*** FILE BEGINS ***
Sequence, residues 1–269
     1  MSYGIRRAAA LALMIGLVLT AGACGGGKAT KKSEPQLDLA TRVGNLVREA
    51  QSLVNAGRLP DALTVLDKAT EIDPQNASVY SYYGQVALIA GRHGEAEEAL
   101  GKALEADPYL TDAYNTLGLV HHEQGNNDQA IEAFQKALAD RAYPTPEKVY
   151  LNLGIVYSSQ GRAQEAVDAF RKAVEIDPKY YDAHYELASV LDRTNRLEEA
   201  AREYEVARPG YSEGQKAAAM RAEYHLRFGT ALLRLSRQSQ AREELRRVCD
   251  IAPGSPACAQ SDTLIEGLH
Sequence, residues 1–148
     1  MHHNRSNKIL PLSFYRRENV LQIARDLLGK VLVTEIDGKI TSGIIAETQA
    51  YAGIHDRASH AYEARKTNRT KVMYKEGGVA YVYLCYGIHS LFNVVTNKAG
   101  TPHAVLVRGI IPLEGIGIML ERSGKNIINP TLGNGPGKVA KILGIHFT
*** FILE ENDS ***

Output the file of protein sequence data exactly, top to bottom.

Sequence, residues 1–269
     1  MSYGIRRAAA LALMIGLVLT AGACGGGKAT KKSEPQLDLA TRVGNLVREA
    51  QSLVNAGRLP DALTVLDKAT EIDPQNASVY SYYGQVALIA GRHGEAEEAL
   101  GKALEADPYL TDAYNTLGLV HHEQGNNDQA IEAFQKALAD RAYPTPEKVY
   151  LNLGIVYSSQ GRAQEAVDAF RKAVEIDPKY YDAHYELASV LDRTNRLEEA
   201  AREYEVARPG YSEGQKAAAM RAEYHLRFGT ALLRLSRQSQ AREELRRVCD
   251  IAPGSPACAQ SDTLIEGLH
Sequence, residues 1–148
     1  MHHNRSNKIL PLSFYRRENV LQIARDLLGK VLVTEIDGKI TSGIIAETQA
    51  YAGIHDRASH AYEARKTNRT KVMYKEGGVA YVYLCYGIHS LFNVVTNKAG
   101  TPHAVLVRGI IPLEGIGIML ERSGKNIINP TLGNGPGKVA KILGIHFT